September 19, 2016
With nearly 600 dengue admissions in Coimbatore Medical College and Hospital in the last eight months, Coimbatore and Tirupur are now turning dengue hot-spots. This, while the Capital is struggling to contain the spread of the vector borne diseases, dengue and chickungunya.
Dengue has seen a steep rise this year as compared to the last with cases nearing 600 until August, the recent being the admission of a 24-year-old from Avinashi at CMCH. “She has been tested positive for dengue, and is currently undergoing treatment at the hospital.” Dr. Edwin Joe, Dean of CMCH, further said that the woman was brought to the hospital in time and is out of danger.
Kalaivani (name changed) is one of the 240 cases of dengue reported in Coimbatore this year. 596 cases of dengue has been diagnosed in the first eight months of 2016. Of this, 270 were from Tirupur. What is alarming is the fact that the numbers were less than half last year. Despite all the efforts made by the Coimbatore City Municipal Corporation (CCMC) to contain the spread, the disease, the number of dengue cases have almost doubled.
Speaking to the Covai Post, Dr. K. Santhosh Kumar, City Health Officer, said, “The public must cooperate with the CCMC officials and help keep dengue under control. As soon as a case of dengue is reported, we do a thorough check and destroy the mosquito breeding spots in and around that area. This year, more cases of dengue have been reported. This has kept our officers constantly on their toes.”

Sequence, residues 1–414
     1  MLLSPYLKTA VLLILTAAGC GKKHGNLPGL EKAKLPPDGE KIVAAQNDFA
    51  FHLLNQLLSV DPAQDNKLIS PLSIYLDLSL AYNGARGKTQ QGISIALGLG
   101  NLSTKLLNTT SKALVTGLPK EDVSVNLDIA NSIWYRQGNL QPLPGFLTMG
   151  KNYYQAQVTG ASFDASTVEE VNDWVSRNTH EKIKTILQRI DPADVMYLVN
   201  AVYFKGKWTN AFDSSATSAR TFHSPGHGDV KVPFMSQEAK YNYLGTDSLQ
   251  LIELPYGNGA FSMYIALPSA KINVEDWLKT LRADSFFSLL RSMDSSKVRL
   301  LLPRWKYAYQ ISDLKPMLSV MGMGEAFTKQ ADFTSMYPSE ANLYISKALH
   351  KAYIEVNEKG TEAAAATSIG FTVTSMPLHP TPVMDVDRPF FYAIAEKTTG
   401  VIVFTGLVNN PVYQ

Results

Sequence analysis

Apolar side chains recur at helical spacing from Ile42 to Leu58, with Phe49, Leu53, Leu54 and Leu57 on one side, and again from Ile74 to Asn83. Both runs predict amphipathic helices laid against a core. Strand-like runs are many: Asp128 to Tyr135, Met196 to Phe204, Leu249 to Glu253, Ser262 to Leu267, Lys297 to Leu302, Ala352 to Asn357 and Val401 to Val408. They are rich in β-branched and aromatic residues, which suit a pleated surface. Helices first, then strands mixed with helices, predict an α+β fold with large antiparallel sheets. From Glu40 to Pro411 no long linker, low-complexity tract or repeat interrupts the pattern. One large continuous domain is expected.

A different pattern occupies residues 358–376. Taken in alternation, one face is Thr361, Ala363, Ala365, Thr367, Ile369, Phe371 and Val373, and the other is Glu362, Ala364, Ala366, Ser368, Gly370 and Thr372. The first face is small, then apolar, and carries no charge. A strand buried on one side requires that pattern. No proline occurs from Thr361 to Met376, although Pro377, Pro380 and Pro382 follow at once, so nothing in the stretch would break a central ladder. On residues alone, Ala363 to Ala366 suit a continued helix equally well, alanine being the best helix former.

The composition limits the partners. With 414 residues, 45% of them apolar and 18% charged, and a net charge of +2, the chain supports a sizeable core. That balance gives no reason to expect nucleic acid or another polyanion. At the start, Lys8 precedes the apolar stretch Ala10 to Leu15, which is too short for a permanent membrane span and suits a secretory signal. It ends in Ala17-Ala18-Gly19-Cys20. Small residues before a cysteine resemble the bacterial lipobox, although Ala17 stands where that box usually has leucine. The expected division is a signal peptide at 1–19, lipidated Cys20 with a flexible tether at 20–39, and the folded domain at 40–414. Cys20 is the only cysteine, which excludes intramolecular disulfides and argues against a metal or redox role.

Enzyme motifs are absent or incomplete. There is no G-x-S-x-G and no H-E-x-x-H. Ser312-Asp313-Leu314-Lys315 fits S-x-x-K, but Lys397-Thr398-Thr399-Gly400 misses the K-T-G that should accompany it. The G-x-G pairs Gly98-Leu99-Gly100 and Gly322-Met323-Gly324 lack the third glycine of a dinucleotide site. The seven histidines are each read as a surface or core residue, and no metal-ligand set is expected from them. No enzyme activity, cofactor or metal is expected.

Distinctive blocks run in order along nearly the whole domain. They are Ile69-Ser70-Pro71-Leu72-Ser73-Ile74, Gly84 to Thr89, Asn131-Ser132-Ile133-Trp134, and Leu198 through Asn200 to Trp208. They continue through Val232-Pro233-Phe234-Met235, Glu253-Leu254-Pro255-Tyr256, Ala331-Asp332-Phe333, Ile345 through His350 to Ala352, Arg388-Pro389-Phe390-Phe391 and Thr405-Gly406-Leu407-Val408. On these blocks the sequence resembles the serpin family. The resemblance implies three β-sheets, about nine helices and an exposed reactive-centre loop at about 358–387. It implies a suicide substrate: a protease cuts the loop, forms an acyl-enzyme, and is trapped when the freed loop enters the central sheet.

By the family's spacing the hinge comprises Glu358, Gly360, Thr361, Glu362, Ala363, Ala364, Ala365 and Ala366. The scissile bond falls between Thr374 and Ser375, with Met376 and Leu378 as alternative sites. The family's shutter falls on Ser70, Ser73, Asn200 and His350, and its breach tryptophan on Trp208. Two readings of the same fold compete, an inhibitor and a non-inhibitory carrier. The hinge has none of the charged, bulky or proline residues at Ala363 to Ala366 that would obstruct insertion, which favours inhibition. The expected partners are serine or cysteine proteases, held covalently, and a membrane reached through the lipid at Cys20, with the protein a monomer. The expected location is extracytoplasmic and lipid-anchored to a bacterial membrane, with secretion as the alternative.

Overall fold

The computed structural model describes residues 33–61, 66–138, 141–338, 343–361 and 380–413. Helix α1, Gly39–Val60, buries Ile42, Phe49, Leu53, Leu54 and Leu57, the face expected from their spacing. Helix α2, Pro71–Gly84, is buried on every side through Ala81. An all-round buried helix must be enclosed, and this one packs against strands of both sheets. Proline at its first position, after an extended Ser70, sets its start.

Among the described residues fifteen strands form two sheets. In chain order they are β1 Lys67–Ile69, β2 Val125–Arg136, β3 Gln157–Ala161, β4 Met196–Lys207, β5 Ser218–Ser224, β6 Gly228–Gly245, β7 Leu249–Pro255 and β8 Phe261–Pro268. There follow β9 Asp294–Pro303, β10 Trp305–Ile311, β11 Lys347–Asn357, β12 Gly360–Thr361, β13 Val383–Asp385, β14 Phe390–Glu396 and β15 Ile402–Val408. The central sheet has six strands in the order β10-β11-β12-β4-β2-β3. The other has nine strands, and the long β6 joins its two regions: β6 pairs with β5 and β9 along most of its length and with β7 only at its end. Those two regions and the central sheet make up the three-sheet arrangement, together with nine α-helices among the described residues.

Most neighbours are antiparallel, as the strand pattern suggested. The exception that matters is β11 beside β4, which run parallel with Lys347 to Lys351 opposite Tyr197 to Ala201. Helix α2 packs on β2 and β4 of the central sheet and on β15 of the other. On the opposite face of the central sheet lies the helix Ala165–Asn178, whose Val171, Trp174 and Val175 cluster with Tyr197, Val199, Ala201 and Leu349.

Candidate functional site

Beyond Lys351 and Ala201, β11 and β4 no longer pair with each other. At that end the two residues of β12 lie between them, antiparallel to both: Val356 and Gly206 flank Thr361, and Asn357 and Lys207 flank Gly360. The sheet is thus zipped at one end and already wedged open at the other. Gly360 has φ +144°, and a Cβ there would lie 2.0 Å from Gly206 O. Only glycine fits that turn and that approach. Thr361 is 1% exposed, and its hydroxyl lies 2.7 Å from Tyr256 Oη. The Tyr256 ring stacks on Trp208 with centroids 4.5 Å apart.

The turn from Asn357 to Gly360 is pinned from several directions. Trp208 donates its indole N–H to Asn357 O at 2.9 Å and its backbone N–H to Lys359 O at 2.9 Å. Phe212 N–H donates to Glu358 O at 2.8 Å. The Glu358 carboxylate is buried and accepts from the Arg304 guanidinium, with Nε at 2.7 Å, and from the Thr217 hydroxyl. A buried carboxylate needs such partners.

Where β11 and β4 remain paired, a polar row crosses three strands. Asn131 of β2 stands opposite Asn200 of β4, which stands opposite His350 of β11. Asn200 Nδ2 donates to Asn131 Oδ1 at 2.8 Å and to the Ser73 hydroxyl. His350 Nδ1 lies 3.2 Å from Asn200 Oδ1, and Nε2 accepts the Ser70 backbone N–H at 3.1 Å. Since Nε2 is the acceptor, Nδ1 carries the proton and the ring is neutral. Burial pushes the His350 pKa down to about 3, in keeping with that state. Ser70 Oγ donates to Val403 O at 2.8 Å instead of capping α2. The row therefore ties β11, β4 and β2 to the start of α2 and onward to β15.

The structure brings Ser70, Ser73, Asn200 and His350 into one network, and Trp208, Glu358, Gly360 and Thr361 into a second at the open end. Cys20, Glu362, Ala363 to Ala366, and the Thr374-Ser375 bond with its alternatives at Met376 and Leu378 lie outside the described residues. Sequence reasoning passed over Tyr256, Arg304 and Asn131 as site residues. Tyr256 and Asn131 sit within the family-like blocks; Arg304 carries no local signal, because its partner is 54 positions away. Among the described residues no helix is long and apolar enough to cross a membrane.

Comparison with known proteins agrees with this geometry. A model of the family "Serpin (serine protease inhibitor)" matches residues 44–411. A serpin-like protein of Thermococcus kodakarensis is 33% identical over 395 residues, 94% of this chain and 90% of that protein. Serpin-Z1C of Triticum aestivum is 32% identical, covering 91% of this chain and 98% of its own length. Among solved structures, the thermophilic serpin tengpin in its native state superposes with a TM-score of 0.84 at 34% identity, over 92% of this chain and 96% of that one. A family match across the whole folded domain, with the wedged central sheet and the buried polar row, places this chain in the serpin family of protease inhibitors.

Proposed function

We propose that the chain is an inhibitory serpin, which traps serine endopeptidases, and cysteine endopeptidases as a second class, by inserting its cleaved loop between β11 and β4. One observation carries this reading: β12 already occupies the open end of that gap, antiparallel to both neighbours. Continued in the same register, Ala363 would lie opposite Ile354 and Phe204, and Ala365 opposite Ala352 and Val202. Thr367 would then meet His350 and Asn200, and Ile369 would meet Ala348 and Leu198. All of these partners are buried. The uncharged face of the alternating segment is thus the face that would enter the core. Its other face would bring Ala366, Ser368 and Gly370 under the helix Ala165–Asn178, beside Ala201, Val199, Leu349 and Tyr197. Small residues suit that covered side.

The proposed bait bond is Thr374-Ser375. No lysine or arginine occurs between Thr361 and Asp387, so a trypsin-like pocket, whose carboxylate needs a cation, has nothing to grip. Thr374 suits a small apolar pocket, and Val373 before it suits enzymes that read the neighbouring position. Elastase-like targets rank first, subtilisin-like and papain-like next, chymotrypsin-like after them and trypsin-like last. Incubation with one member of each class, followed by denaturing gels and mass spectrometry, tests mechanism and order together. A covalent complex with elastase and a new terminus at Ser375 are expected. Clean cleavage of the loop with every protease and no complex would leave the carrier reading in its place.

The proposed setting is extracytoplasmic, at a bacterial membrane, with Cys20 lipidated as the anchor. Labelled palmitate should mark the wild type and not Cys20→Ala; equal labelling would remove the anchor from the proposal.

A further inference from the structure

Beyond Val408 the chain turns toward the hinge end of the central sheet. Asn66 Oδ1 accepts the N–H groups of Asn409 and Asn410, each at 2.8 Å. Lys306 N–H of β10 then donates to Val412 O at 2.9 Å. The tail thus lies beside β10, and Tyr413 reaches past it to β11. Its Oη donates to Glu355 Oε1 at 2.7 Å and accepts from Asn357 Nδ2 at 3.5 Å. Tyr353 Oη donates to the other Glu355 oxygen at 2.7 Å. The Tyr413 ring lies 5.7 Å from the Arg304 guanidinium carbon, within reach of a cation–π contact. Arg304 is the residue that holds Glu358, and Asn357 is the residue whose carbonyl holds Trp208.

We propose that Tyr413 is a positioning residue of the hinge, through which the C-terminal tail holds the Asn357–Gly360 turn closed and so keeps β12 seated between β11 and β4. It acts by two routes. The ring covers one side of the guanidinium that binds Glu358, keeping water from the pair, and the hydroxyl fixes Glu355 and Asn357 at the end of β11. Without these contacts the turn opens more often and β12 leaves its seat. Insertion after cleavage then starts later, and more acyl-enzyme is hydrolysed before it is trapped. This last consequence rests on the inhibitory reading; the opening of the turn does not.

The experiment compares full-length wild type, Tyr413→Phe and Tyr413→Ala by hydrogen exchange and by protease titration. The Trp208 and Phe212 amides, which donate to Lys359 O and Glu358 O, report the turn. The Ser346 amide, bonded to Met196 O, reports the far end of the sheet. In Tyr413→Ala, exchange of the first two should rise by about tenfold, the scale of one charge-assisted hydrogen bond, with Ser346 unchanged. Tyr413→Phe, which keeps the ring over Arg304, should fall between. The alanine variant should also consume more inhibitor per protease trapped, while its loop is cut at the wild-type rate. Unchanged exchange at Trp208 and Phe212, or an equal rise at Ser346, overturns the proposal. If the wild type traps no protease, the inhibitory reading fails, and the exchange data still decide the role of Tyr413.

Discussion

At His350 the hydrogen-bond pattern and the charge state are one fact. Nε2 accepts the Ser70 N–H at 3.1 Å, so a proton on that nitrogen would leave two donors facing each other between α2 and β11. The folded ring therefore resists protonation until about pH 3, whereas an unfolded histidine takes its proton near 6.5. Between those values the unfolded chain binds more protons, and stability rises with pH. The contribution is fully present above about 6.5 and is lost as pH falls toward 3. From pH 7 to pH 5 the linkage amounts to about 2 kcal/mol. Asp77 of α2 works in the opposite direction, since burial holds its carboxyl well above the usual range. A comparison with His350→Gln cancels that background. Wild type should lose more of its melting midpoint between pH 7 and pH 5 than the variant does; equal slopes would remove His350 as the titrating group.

Awareness alone is not enough. Dr. Santosh Kumar said that the public must take necessary action and work hand-in-hand with the Corporation officials to prevent dengue. For example, residents must ensure that the overhead water tank is covered. Inside homes, stored water must be covered too.
“Residents must cooperate when CCMC officials come to inspect their homes and check the area for mosquito breeding spots. Mosquitoes prefer to breed in areas of stagnant water, such as flower vases, uncovered barrels, buckets, and discarded tyres. But, the most dangerous areas are wet shower floors and toilet tanks, ” he added.